Raid 1+0

Michael Powell nightrecon at
Tue Apr 19 19:51:30 UTC 2016

Steve O'Hara-Smith wrote:

> On Mon, 18 Apr 2016 17:05:22 -0500 (CDT)
> "Valeri Galtsev" <galtsev at> wrote:
>> Not correct. First of all, in most of the cases, failure of each of the
>> drives are independent events
> If only that were so. When the drives are as near identical as
> manufacturing can make them and have had very similar histories they can
> be expected to have very similar wear and be similarly close to failure at
> all times, which makes it likely that the load imposed by one failing will
> push another over.

And the more of them you place in the same physical enclosure, the more 
vibration patterns and platter skew from either perfectly horizontal or 
perfectly vertical mounting generate complex interference patterns. The 
vibrational characteristics of the enclosure matter. In airframe 
superstructure testing vibration sensors (think seismology) are scattered 
throughout, then they use something that resembles a gun or an air hammer to 
bang on a point in order to map out how the resulting vibration will flow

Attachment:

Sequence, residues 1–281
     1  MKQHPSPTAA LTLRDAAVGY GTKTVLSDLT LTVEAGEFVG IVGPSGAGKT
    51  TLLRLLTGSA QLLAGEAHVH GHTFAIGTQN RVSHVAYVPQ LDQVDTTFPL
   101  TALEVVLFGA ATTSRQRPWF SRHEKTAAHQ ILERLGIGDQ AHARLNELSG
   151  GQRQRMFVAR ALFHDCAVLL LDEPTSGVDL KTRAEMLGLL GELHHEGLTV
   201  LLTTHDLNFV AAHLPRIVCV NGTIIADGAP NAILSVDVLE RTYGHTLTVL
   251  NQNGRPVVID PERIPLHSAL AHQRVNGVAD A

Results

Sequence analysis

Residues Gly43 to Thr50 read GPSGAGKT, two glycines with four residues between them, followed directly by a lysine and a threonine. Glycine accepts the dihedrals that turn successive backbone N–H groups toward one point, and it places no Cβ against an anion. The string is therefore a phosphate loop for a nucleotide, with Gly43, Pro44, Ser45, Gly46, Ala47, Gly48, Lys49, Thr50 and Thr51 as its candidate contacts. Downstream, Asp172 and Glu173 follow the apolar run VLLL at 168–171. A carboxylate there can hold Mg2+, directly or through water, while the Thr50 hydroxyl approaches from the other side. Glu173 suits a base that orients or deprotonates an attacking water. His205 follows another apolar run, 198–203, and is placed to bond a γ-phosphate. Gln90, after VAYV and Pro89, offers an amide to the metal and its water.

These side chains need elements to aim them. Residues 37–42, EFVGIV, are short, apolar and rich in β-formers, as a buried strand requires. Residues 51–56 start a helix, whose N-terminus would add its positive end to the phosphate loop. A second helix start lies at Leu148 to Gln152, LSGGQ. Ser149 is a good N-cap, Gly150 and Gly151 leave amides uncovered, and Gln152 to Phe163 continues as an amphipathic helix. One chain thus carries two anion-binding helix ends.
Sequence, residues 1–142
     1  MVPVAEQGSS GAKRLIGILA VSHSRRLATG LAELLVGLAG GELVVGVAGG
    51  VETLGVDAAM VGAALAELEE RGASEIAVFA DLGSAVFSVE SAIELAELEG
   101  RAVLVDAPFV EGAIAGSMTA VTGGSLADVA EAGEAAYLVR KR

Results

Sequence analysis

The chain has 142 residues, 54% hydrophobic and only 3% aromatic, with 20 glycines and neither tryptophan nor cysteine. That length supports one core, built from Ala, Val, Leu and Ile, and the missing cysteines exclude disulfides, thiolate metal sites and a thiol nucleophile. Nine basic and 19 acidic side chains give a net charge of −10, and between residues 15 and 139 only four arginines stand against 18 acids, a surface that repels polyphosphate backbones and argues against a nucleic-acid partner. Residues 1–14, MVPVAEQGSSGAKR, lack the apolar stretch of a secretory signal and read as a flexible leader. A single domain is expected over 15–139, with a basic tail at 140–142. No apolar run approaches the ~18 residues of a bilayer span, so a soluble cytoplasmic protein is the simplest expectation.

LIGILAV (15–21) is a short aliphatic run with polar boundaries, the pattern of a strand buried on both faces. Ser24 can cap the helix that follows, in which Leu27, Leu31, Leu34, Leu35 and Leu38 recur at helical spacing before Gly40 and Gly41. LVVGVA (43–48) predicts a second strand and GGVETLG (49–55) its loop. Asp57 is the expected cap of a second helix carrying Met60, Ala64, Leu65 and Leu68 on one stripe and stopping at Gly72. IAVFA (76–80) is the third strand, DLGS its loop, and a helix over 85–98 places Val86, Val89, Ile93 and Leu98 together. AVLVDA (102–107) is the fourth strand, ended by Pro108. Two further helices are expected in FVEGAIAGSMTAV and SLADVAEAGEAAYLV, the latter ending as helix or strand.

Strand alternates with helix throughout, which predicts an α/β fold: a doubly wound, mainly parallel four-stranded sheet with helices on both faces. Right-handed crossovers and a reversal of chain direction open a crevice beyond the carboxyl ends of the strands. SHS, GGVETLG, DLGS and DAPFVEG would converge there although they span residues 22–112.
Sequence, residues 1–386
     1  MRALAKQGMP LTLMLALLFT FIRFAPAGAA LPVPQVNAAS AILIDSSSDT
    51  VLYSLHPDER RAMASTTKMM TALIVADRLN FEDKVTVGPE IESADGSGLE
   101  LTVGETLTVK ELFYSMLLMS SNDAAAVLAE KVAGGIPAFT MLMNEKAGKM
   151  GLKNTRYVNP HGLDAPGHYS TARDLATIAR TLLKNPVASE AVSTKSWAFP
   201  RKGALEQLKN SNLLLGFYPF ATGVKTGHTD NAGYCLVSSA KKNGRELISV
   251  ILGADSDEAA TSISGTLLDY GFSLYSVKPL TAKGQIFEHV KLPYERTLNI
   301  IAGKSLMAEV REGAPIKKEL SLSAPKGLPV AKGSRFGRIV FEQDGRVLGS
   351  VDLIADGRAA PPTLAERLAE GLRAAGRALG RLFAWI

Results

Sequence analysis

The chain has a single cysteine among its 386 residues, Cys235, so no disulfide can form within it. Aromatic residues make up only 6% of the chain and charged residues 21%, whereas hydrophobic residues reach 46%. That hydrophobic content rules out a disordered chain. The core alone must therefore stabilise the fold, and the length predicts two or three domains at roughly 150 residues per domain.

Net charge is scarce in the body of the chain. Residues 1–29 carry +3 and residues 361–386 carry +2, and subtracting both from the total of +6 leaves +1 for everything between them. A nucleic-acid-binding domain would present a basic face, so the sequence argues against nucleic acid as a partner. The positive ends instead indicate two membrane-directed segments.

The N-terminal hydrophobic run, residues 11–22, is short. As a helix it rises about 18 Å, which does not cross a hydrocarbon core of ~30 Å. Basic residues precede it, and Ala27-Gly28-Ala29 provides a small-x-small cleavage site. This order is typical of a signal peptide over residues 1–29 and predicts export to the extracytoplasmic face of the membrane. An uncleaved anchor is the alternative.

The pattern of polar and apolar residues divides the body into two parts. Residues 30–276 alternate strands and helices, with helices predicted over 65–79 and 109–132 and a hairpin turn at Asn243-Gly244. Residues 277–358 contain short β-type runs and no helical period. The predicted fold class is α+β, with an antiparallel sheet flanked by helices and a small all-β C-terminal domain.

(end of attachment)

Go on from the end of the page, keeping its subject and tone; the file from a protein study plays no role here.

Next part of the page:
through the airframe. (Not my field of endeavor, something I learned from my 

I'm certainly not qualified to debate probability theory. My experience is 
anecdotal at best, but many sysadmins have witnessed various forms of drive 
failure(s) in raid arrays. Most have noticed over the years that it seems to 
occur most often when all drives come from the same manufacturing batch run 
and lot number. After enough of these a sysadmin will respond by shuffling 
the drives so they are not all from the same shipment, as well as when one 
does fail, get it swapped out ASAP before another goes and you lose the 
whole array.

Another pattern is simple age. I've seen drives that had run for so many 
years that all assumptions are they are OK. Power them down, and poof - just 
like that they don't come back. I've had arrays where one drive failed and 
when powered down some of the others would not come back up after power up. 
The answer to this is hot spare plus hot swap.

Anecdotal experience is no substitute for rigorous scientific proofs. Most 
sysadmins are not concerned with such, but rather keeping servers running 
and data flowing, almost to the point of superstition. Whatever works - use 


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